Police guitarist Andy Summers looked back at the band’s third album and breakthrough set, 1980’s Zenyatta Mondatta. The Grammy Award-winning set, which was recorded during the summer of 1980 in the Netherlands, featured two of Sting‘s most beloved era-defining songs, “Don’t Stand So Close To Me” and “De Do Do Do, De Da Da Da.”
During his new chat with Guitar Player magazine, Andy Summers spoke about the album’s sessions and was asked whether Sting would take issue with him and Stewart Copeland‘s making suggestions to his songs when building a new track: “No, no. He would get it immediately. He’d say, ‘Now it’s sounding like something.’ He was fine with providing the bones and letting Stewart and I put some flesh on it and build it into a body. It’s like taking a sketch and bringing all the color and brushwork to it. You add all these other elements and the song become larger than life — which is what we were always looking for.”
He added: “And don’t forget, Sting was involved in this whole process, as well. He didn’t hand us the song and disappear. He was part of the band chemistry that defined the Police. And because we were always playing together, we almost automatically knew the moves that would make a song sound like our band. We got really good at that.”
Although the collection doesn’t rank high on Sting and Stewart Copeland’s personal list of the band’s five albums, Summers looks back fondly, recalling, “I think Zenyatta Mondatta might be remembered more for how everything was so crazy at the time we recorded it. We were becoming the hottest band in the world, and with all the resulting demands and expectations. The studio time was being shortened by the festival gigs and having to worry about leaving for an imminent tour didn’t help.”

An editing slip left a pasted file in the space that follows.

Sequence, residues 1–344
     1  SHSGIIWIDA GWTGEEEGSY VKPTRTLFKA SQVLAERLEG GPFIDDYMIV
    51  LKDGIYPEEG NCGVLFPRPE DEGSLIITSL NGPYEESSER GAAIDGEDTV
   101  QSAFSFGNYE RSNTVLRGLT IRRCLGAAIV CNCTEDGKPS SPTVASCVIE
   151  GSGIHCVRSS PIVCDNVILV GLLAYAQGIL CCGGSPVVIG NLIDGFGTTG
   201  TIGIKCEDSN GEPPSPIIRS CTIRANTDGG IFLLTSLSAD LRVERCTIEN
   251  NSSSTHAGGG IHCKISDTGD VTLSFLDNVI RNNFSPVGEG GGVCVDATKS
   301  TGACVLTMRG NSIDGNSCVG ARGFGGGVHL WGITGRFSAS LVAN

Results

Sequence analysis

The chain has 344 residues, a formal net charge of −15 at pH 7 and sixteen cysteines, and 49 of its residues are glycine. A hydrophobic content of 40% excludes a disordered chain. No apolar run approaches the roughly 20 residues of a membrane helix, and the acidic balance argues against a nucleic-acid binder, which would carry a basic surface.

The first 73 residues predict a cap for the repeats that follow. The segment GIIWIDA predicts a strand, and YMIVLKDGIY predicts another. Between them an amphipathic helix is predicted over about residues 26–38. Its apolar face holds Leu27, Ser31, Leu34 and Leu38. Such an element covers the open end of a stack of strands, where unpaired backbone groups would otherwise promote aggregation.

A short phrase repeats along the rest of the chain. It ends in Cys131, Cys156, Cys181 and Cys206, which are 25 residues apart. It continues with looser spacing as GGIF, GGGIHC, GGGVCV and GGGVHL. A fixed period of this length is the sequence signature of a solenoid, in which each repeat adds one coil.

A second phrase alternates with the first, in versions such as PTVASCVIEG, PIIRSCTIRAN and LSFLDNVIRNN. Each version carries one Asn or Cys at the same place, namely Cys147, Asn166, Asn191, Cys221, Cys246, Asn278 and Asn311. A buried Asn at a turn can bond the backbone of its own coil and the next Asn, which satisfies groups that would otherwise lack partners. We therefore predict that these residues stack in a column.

Summers remembered how the band came back from a series of festival gigs, only to realize the album wasn’t exactly to their liking: “We remixed every song on the album in one night. Then we left for tour early in the morning. I remember as we were leaving, we thought, ‘Oh well, we’ve probably blown it.'”
Andy Summers told us the Police always were always able to record their albums very quickly: [“We just didn’t need that much time. We were a very hot playing band. We were barely ever off the road, so we were always totally into playing. We were just red-hot playing with one another. So all this thing about ‘working it all up’ — I’ve never understood why rock bands needed a year to make an album. . . I don’t get it — can you play or not? We’d work these things out fast, you know? And Sting was a very good songwriter so the songs would come in and we had a good structure to work with. And then we would just ‘Police-ify’ them until they started to really sound tight.”] SOUNDCUE (:27 OC: . . . to sound tight)
- Andy Summers revealed to Guitar Player magazine that the Police remixed its 1980 Grammy Award winning third album Zenyatta Mondatta in one night: “The studio time was being shortened by the festival gigs and having to worry about leaving for an imminent tour didn’t help.”
- Summers remembered how the band came back from a series of festival gigs, only to remix the album wasn’t exactly to their liking: “We remixed every song on the album in one night. Then we left for tour early in the morning. I remember as we were leaving, we thought, ‘Oh well, we’ve probably blown it.'”
- The Police‘s third album, Zenyatta Mondatta, was released on October 3rd, 1980. The collection, which was the third and final set to feature producer Nigel Gray behind the boards, marked the band’s first Top 10 album in the U.S., peaking at Number Five.
- Both of the album’s singles, “Don’t Stand So Close to Me” and “De Do Do Do, De Da Da Da,” peaked at Number 10 on the Billboard Hot 100.
- Zenyatta Mondatta earned the Police two Grammy Awards — Best Rock Performance By A Duo Or Group With Vocal for “Don’t Stand So Close to Me” and the Police’s second consecutive win for Best Rock Instrumental Performance for “Behind My Camel” — which followed the band’s win the previous year for “Reggatta de Blanc.”
- Recently released is the DVD and Blu-ray release of Can’t Stand Losing You: Surviving The Police by editor/director Andy Grieveis, which is based on Andy Summers‘ 2006 memoir, One Train Later.
- The doc features the guitarist reading passages from the book throughout the film as well as featuring over 25,000 photo stills he shot of the Police, both on and off the road